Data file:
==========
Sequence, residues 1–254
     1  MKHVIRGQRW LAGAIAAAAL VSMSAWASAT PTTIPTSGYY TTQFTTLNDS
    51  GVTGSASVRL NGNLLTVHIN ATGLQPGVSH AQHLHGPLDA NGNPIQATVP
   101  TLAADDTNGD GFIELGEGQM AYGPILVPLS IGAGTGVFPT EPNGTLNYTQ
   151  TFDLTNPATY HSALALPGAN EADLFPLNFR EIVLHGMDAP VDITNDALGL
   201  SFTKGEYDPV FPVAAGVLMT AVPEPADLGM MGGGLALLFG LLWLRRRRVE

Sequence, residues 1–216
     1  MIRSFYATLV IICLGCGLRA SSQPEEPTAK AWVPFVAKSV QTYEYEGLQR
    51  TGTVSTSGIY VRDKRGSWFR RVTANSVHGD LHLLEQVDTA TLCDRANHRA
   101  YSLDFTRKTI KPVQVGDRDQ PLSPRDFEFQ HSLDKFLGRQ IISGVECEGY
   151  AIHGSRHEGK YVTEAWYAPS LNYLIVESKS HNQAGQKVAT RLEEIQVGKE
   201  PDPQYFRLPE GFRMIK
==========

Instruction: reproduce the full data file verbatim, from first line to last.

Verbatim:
Sequence, residues 1–254
     1  MKHVIRGQRW LAGAIAAAAL VSMSAWASAT PTTIPTSGYY TTQFTTLNDS
    51  GVTGSASVRL NGNLLTVHIN ATGLQPGVSH AQHLHGPLDA NGNPIQATVP
   101  TLAADDTNGD GFIELGEGQM AYGPILVPLS IGAGTGVFPT EPNGTLNYTQ
   151  TFDLTNPATY HSALALPGAN EADLFPLNFR EIVLHGMDAP VDITNDALGL
   201  SFTKGEYDPV FPVAAGVLMT AVPEPADLGM MGGGLALLFG LLWLRRRRVE

Sequence, residues 1–216
     1  MIRSFYATLV IICLGCGLRA SSQPEEPTAK AWVPFVAKSV QTYEYEGLQR
    51  TGTVSTSGIY VRDKRGSWFR RVTANSVHGD LHLLEQVDTA TLCDRANHRA
   101  YSLDFTRKTI KPVQVGDRDQ PLSPRDFEFQ HSLDKFLGRQ IISGVECEGY
   151  AIHGSRHEGK YVTEAWYAPS LNYLIVESKS HNQAGQKVAT RLEEIQVGKE
   201  PDPQYFRLPE GFRMIK